Most times I take an idea and run with it, then try to make sense of pages I’ve written by the seat-of-my-pants. I discovered a few years ago that when life steps up to the plate, I needed more than my memory to actually finish a manuscript. I have written short stories straight through, edited and sent them off to a publisher. My first and a few other short stories were accepted with light editing. Like many author's submitted manuscripts, my others were rejected.
A novel isn’t that easy. There’s too much in the mixture. For me at least. If I know the scene, I can pop it out fairly quickly. That’s the fun part, when the words fill pages without too much blood, sweat and tears. That doesn’t happen too often.
Once an idea forms, I let it perk while my mind accepts characters and plot they’ve drilled inside my head.
I use 4X6 cards to jot down chapter information. Projected Title, Chapter, POV, Characters, Setting, Scene Goal, Scene Conflict, Scene Disaster, Sequel Ending Goal. As the story begins to come together, I also fill in temporary chapter #’s at the top and page #’s at the very bottom. That way it’s easy to find in the manuscript, if I’ve updated at that point. Updating the cards is painstakingly time-consuming, but crucial if I’m to maintain the story’s organization. At any rate the page #’s and other pertinent information gives an approximate area so I don’t need to search forever to find a certain scene in the manuscript.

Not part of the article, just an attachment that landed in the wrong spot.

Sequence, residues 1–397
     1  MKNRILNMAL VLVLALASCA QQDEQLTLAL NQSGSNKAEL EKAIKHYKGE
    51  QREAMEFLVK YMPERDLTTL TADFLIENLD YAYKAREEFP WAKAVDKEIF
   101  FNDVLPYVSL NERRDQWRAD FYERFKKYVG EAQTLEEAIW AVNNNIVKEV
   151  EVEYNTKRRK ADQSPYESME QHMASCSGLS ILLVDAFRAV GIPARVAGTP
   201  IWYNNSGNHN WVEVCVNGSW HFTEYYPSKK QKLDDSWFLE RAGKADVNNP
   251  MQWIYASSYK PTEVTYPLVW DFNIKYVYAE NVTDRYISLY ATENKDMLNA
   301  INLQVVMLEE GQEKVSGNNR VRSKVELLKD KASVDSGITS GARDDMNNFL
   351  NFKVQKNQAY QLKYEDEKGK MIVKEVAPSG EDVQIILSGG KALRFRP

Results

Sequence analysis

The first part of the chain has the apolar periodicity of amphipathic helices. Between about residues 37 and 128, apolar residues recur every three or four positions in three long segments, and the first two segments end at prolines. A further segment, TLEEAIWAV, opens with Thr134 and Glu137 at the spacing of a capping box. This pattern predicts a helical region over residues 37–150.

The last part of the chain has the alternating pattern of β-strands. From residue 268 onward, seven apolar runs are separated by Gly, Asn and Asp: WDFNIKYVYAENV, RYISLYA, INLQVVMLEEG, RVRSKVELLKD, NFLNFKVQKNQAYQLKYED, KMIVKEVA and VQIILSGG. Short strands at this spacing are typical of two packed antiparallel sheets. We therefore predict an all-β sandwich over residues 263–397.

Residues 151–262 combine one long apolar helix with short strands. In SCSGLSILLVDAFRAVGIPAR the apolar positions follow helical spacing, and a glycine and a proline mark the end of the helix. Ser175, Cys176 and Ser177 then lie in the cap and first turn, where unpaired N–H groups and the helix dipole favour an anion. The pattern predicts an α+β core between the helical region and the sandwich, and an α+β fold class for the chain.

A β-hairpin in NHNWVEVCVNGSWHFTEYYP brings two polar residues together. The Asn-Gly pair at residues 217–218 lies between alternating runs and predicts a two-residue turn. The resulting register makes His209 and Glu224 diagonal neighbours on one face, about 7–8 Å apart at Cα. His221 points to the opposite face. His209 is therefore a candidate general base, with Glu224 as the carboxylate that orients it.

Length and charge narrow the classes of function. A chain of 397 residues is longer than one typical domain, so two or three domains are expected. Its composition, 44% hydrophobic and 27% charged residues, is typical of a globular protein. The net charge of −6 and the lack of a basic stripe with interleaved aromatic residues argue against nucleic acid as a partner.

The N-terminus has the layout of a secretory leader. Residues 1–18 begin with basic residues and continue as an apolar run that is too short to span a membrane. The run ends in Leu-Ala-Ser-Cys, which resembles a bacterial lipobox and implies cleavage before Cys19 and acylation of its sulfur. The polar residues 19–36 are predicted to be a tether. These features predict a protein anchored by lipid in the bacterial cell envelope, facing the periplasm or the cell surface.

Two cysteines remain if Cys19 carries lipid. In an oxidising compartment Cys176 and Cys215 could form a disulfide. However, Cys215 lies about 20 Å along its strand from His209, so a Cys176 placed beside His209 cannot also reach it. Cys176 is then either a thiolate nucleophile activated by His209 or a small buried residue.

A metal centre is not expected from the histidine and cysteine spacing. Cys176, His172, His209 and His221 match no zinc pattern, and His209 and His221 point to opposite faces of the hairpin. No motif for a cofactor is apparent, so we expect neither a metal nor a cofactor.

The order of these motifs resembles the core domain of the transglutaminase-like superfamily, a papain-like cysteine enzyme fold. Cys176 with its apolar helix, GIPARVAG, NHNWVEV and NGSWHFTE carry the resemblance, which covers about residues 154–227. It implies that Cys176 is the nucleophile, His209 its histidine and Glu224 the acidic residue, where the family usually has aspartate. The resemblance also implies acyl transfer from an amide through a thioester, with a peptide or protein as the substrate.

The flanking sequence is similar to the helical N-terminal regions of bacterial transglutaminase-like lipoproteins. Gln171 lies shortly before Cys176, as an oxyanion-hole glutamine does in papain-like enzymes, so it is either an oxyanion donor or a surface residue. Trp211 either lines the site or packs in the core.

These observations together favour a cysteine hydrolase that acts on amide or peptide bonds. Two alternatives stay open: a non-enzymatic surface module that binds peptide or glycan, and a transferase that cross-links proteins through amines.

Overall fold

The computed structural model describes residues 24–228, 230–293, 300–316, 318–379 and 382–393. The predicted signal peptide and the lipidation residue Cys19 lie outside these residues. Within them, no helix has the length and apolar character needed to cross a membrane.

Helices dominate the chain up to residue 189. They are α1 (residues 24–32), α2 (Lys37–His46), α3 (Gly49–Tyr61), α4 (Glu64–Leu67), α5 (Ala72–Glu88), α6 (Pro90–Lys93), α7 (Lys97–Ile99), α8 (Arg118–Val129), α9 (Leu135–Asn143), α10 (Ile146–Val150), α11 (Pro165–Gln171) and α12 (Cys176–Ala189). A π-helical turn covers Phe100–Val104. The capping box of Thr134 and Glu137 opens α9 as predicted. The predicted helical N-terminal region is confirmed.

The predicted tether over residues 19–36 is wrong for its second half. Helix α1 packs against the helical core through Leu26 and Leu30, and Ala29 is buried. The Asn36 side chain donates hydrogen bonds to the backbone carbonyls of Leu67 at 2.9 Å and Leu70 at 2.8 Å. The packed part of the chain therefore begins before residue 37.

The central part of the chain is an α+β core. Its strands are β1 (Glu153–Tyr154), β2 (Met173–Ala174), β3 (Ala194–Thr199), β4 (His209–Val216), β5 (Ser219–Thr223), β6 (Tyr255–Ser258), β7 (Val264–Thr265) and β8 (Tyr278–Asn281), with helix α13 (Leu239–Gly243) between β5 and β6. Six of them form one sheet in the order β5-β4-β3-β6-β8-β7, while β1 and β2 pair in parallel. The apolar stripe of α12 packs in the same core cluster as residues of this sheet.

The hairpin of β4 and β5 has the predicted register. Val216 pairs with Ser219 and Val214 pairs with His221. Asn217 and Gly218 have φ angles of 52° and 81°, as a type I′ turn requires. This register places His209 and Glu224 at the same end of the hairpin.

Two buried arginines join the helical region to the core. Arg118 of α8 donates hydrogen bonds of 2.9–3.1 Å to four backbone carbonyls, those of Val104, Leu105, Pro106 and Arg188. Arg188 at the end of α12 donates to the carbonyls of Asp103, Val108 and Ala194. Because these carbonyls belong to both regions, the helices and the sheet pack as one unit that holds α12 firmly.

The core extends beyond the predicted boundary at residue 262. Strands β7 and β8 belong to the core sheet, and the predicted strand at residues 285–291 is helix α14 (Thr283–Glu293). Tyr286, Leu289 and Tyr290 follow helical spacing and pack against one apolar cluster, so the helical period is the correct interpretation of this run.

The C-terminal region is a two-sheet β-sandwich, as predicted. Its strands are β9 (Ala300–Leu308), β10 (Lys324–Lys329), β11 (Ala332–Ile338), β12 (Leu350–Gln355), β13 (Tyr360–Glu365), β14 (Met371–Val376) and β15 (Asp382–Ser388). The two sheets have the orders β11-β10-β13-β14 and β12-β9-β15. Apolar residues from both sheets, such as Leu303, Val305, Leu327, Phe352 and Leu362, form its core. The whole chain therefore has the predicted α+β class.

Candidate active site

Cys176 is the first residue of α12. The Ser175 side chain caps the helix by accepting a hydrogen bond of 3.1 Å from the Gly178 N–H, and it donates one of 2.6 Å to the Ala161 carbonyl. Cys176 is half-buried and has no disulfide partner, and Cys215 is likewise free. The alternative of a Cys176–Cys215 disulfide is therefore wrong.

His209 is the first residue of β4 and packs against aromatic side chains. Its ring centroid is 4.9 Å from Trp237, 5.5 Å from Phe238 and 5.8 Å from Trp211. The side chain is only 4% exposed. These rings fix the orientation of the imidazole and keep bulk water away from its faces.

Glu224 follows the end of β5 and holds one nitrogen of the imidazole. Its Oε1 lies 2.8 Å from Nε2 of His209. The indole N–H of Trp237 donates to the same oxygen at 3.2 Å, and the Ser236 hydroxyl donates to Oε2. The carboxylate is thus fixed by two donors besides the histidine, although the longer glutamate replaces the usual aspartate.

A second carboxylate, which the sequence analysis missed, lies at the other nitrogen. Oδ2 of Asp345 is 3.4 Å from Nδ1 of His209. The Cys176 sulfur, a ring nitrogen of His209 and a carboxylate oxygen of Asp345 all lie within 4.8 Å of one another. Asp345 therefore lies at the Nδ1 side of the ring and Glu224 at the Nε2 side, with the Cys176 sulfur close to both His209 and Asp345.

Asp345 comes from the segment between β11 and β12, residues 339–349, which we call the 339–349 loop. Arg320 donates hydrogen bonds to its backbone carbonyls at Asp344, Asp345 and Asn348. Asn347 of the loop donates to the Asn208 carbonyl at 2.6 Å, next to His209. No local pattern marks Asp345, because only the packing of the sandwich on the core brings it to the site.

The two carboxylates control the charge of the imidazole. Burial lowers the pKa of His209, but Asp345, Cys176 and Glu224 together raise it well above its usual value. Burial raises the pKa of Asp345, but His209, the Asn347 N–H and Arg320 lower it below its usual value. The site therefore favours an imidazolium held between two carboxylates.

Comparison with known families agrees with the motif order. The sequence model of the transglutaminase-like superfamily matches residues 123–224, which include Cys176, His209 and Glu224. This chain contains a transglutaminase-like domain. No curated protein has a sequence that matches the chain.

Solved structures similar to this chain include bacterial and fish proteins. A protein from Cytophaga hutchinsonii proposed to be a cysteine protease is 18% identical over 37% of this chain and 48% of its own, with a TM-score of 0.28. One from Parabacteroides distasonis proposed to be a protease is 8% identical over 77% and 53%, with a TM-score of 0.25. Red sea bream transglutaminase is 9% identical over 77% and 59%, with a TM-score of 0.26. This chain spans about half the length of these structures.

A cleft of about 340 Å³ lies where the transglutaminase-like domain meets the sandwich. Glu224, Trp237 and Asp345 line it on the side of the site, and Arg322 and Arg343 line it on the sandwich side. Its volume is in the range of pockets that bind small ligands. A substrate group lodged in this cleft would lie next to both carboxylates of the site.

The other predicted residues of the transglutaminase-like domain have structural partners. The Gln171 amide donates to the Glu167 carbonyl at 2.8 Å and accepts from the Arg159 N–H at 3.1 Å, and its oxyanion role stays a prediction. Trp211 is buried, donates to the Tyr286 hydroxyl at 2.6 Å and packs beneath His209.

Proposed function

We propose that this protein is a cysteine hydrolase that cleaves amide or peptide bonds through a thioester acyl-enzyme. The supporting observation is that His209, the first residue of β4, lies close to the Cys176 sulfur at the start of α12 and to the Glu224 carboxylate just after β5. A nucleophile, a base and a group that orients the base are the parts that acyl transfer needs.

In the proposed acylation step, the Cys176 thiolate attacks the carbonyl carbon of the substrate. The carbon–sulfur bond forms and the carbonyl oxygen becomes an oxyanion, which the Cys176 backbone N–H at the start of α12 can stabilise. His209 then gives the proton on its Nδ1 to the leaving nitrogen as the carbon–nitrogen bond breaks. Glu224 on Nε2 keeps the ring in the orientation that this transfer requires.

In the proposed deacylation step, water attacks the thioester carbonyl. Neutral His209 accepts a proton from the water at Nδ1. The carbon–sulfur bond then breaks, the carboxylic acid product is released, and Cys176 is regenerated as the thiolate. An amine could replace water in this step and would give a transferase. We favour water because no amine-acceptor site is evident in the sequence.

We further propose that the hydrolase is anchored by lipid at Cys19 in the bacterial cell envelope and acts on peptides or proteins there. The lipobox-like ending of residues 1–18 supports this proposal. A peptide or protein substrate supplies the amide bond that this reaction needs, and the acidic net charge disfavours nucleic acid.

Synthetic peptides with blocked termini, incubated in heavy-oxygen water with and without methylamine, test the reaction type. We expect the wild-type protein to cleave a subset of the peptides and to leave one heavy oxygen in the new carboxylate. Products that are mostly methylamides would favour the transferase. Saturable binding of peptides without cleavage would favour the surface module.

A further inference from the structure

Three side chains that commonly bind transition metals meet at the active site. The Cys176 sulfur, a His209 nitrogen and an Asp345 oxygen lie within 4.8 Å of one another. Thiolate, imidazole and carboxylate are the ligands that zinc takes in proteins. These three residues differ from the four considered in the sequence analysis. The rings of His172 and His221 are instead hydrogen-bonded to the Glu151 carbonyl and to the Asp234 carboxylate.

Not everything comes at once of course, but the card structure is movable and I can throw away
cards at will and begin again when the story begins to jell. You can also play What If with the cards. Throw them down on the floor or table and mix them up. See if a scene will become more powerful elsewhere. Sometimes that procedure works, other times the cards are carefully put back in order. I
also have a Whiteboard, but haven’t used it in a while. If you don’t have one, check it out to see if it would work for you.
The biggest thing I’ve learned is – When You Know Your Story – writing becomes easier. Of
course I’m talking about the first draft. Simply getting it down.
Editing is an entire other basket of eggs.
What’s your favorite way to write? Could you share what you do to make your writing easier?
A Smoky Mountain Wedding – Book Two, coming soon.